The exhibition Identifying and Countering Holocaust Distortion: Lessons for and from Southeast Asia draws first from the Polish and Eastern European experience of the Holocaust and dealing with the past, and second from the regional and national histories and legacies of Southeast Asia. The exhibition is primarily addressed for audiences in Cambodia, Myanmar, and Thailand.
While Southeast Asia shares a common, global experience of the Second World War with Central and Eastern Europe, each region simultaneously has its own distinct historical experiences. The Holocaust was perpetrated primarily on Central and Eastern European soil, where between 1933 and 1945 Nazi Germany and its collaborators exterminated six million Jews (alongside other groups of victims) in death camps or by execution on the spot. Eastern Europe – which experienced occupation during the Second World War as well as post-war totalitarianism – has had to reckon with its difficult past; this involved engaging in difficult debates, including those on the role of the region’s own occupied populations during the Holocaust; some local people were collaborators or bystanders, and others rescuers and upstanders.
Although the Southeast Asian experience includes the Japanese occupation during the Second World War – as well as other instances of war crimes and genocide – awareness of the Holocaust remains low. This provides fertile ground for various kinds of distortion and trivialisation. Aside from historical ignorance, the absence of knowledge on Holocaust history, and the inability to apply the universal lessons of the Holocaust in non-European contexts, numerous examples also exist of Holocaust distortion in public and media discourses. By exchanging experiences and providing tools and arguments to address Holocaust distortion that are based on Central and Eastern European debates, the exhibition aims to encourage critical discourses on dealing with the legacy of genocide in Southeast Asia.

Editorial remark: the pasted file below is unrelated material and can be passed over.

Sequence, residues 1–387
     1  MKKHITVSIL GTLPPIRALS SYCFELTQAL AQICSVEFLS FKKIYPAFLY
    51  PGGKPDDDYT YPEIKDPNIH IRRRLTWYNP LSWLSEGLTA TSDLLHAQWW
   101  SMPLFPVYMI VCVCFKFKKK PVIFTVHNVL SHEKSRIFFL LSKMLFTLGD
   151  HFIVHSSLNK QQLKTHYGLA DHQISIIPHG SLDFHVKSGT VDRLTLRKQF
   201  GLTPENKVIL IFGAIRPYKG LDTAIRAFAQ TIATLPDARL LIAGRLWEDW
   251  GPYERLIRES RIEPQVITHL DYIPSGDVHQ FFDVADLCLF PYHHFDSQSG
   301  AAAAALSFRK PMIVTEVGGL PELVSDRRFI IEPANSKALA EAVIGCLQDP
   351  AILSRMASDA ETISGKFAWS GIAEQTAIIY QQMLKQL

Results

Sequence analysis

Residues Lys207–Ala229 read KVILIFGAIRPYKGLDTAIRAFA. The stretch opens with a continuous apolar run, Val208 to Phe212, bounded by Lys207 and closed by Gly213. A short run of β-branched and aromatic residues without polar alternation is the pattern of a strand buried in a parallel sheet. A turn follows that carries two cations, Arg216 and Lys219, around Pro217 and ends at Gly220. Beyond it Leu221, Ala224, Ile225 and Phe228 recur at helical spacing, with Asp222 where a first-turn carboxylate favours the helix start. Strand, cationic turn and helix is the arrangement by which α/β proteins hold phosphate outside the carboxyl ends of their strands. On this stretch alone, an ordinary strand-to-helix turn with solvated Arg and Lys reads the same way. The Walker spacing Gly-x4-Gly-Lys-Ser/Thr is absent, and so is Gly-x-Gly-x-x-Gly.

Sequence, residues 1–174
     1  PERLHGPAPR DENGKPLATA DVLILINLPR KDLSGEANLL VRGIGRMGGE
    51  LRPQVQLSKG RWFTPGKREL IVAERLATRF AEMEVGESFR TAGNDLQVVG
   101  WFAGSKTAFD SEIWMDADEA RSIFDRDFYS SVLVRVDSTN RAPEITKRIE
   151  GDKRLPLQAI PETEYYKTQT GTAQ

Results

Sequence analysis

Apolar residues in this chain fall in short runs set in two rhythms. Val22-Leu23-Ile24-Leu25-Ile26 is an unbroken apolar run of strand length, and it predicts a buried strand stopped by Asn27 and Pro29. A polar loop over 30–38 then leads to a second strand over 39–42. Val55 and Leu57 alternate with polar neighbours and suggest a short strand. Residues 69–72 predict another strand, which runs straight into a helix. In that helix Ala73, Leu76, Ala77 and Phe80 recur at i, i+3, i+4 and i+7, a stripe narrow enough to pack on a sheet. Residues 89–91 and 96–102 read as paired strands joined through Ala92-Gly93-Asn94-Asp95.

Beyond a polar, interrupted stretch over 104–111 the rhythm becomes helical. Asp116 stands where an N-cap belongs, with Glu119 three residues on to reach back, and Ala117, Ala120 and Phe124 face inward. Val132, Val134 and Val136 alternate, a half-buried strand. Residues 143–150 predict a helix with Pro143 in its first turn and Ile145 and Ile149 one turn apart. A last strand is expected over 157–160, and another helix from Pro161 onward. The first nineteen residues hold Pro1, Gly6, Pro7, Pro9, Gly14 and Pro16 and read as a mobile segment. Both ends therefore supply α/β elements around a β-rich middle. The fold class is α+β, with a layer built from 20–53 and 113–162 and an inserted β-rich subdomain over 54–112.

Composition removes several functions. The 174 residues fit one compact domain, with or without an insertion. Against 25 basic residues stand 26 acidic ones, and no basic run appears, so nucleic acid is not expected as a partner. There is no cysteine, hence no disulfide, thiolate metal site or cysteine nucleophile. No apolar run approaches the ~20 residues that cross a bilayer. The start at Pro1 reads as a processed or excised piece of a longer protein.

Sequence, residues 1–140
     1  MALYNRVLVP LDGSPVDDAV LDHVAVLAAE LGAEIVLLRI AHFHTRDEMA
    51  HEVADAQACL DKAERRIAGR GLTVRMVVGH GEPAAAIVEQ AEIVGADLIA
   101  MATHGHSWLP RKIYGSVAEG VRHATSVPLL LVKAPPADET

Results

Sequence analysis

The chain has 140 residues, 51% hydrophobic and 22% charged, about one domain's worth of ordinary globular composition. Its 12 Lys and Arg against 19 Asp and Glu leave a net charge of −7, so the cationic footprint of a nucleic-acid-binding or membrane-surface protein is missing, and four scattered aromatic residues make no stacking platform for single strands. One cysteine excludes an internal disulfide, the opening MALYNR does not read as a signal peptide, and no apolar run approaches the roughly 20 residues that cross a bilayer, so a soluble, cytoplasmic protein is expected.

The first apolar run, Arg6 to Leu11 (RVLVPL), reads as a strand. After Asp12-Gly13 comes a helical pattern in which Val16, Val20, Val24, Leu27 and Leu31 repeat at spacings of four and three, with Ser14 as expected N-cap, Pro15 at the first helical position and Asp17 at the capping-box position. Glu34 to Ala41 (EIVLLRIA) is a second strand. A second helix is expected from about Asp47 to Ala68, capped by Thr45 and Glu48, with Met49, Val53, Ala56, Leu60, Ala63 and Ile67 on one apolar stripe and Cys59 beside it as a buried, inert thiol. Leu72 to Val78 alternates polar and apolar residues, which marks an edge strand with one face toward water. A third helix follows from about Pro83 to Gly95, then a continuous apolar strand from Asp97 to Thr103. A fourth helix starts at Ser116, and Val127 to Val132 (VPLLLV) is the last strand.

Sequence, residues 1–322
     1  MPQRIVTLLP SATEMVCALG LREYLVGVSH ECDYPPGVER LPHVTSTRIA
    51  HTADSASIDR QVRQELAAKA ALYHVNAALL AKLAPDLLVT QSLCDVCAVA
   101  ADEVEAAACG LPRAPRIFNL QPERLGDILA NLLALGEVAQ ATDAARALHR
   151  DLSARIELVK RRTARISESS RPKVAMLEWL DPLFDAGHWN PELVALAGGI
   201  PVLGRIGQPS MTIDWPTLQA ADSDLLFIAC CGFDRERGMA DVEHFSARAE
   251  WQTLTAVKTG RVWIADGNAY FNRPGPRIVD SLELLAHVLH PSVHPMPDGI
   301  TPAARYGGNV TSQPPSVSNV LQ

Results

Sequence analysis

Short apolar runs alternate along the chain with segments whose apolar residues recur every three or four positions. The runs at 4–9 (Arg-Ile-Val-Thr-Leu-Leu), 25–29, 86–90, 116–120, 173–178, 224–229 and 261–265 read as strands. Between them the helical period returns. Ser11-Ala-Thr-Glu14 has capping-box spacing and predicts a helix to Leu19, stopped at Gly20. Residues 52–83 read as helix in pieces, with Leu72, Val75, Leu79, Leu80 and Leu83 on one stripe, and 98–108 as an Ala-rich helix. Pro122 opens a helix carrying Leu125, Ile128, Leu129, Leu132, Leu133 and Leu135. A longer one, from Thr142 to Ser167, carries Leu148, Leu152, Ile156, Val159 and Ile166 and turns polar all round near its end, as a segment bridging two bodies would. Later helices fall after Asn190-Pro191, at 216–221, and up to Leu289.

Our aim is to dispel distortion, banalisation, and denial of the Holocaust and other genocides; to emphasise the significance of the Holocaust as an element of universal heritage and as a point of reference in contemporary debates on human rights. We view genocide denial and distortion as a form of hatred that accompanies the dehumanisation of victims; one that is used to justify discrimination and other acts of violence against minorities.
This digital exhibition includes materials from the archive of the NEVER AGAIN Association as well as materials collected and shared by our colleagues from Southeast Asia.
Symposium ‘Identifying and Countering Holocaust Distortion: Lessons for and from Southeast Asia’, 23-26 November 2021
This symposium is part of the project Identifying and countering Holocaust distortion: Lessons for and from Southeast Asia implemented by the NEVER AGAIN Association, and supported by the International Holocaust Remembrance Alliance and Heinrich Böll Stiftung Cambodia.
The genocide targeted Jews and Roma particularly during the Second World War, but its significance is universal. Holocaust denial is a form of genocide denial which is dangerous across the world. There are numerous examples of Holocaust distortion in Southeast Asia. The project deals with various forms of Holocaust distortion and denial spread in the region of Southeast Asia, e.g., the usage of Nazi imagery, the normalisation of the image of Hitler and Nazi Germany in popular culture; conspiracy theories scapegoating minorities and blaming the victims (including the Jews) for past crimes and historical conflicts; the dangerous globalisation of genocide denial, including the rise of ‘multi-deniers’ who distort both the Nazi crimes and other cases of genocide, such as the crimes of the Khmer Rouge or anti-Rohingya violence. The project draws on the regional experiences of the Second World War and further instances of genocide in Cambodia, Myanmar, and Thailand to inspire critical memory discourses and develop capacities to counter Holocaust and genocide distortion in the region. The project’ s audience is diverse; it includes opinion-makers and multipliers such as faith leaders, academics, the staff of museums and memorial sites, among others. The project’ s activities include research, seminars, a digital exhibition, publications, and awareness raising through social media. The project’ s idea comes from the region itself, and has been developed in cooperation with local supporters and partners of the ‘NEVER AGAIN’ Association.
The Symposium will be held in English, with simultaneous translation of selected sessions in Burmese, Khmer, and Thai languages.